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			AAVSO ALERT NOTICE 187 (June 3,1994)

1729-19 NOVA OPHIUCHI 1994

We have been informed by T. Kato and by the Central Bureau for Astronomical Telegrams 
(IAU Circular 6001) that S. Nakano, Sumoto, Japan, reported the photographic discovery 
of an apparent nova in Ophiuchus by Akihiko Tago, Yanahara-cho, Kume-gun, Okayama, 
Japan, on June 1.647 and 2.672 UT, at magnitude 7.0. The discovery was made using T-
Max 400 film and a 50-mm f/2.8 camera lens.

Via S. Nakano, Y. Kushida, Yatsugatake South Base Observatory, Japan, reports the 
following position, precessed to epoch 1950, for N Oph 94 (IAU Circular 6001):

		R.A. = 17h 32m 47.56s	Dec. = -19deg 17' 41.8"

The nova was not visible on Tago's patrol photographs taken through May 20. Additional 
estimates from IAU Circular 6001 include: May 16.63 UT, < 9 photographic (M. Sugano, 
Kakogawa, Hyogo, Tri-X film); Jun 1.73, 7.5-8 photographic (Sugano); 2.621, 6.5 
photovisual (M. Yamamoto, Okazaki, Aichi, independent discovery, T-Max film)); 3.54, 8.5 
visual (Kushida); 3.557, 7.9 photovisual (Kushida, T-Max 400 film); 3.617, 7.8 visual (S. 
Takahashi, Dynic Astronomical Observatory).

D. Overbeek, Edenvale, South Africa, reports this object of reddish-yellow color and at 8.5 
visual magnitude on June 3.81 UT, using comparison stars SAO 160635 (V= 7.755 and B-
V = +0.511 - Hipparcos Input Catalogue) and SAO 160647 (9.1 visual - SAO Catalog).

Please use the accompanying chart from the AAVSO Variable Star Atlas to observe N Oph 
94 and report your observations to AAVSO Headquarters so we may inform the 
astronomical community. Be sure to include which comparison stars you are using to make 
your estimates.

Congratulations to Akihiko Tago and Minoru Yamamoto on their discoveries!


D. York, Abiquiu, NM, and D. Overbeek, Edenvale, South Africa, independently reported 
an outburst of the dwarf nova TV Crv. This outburst is continuing with a slow decline, as 
indicated by the following observations:

May 28.18 UT, 14.0 (D. York, Abiquiu, NM); 28.21, 14.0 (York); 28.24, 14.0 (York); 29.70, 
12.1 (D. Overbeek, Edenvale, South Africa); 30.15, 12.4 (York); 30.17, 12.5 (York); 30.20,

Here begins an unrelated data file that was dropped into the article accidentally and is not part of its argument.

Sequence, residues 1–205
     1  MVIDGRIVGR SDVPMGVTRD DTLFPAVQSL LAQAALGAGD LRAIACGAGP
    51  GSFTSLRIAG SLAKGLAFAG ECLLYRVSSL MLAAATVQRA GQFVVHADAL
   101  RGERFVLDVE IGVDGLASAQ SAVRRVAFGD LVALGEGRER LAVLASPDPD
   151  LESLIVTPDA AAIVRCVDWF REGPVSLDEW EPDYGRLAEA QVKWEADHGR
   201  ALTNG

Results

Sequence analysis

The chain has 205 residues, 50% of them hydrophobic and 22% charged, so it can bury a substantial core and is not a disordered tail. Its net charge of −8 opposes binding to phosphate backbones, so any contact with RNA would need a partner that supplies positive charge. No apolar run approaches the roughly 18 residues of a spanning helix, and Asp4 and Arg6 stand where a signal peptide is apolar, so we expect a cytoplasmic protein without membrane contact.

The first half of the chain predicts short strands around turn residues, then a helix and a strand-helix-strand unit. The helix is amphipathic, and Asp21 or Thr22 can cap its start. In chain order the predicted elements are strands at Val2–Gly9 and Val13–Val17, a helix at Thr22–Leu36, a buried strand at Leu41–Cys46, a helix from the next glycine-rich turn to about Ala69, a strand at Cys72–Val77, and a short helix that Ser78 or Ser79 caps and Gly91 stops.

12.4 (York); 30.22, 12.5 (York); Jun 1.24, < 13.0 (R. Royer, Lakewood, CA); 2.19, 13.5 
(York); 2.20, < 13.0 (Royer); 2.23, 13.6 (York); 2.25, 13.6 (York).

This variable has an interesting history. It was discovered as a "nova" in 1931 by Clyde 
Tombaugh during his photographic trans-Saturnian planet search, which led to his 
discovery of Pluto. D. Levy in the late 1980's examined Harvard photographic plates taken
from 1930 to 1988 for more possible outbursts of this object and discovered 9 more, which 
then confirmed TV Crv to be not a nova but a dwarf nova-type cataclysmic variable.

Please use the accompanying finder chart from the Royal Astronomical Society of New 
Zealand, Variable Star Section, to observe TV Crv and report your observations to 


In AAVSO Alert Notice 186, an observation of UV Per on June 1.48 UT at 10.5 was 
reported by R. Royer, Lakewood, CA. This observation was an error and should be 

UV Per continues to be bright. Recent observations include Jun 1.28 UT, 12.0 (C. Scovil, 
Stamford, CT); 2.23, 12.7 (R. Stewart, Rochelle Park, NJ); 2.29, 12.2 (Scovil); 2.48,12.2 (R. 
Royer, Lakewood, CA); 3.48, 12.4 (Royer); 3.50, 12.4 (Royer).

Please continue to observe UV Per, using the chart distributed with AAVSO Alert Notice 
186, and report your observations to AAVSO Headquarters.

The answering machine at AAVSO Headquarters is on nights and weekends for your 

Thank you very much for all your efforts and your astronomical contributions.

Clear skies and good observing!

Janet A. Mattei 

AAVSO 49 Bay State Rd. Cambridge, MA 02138 617-354-0484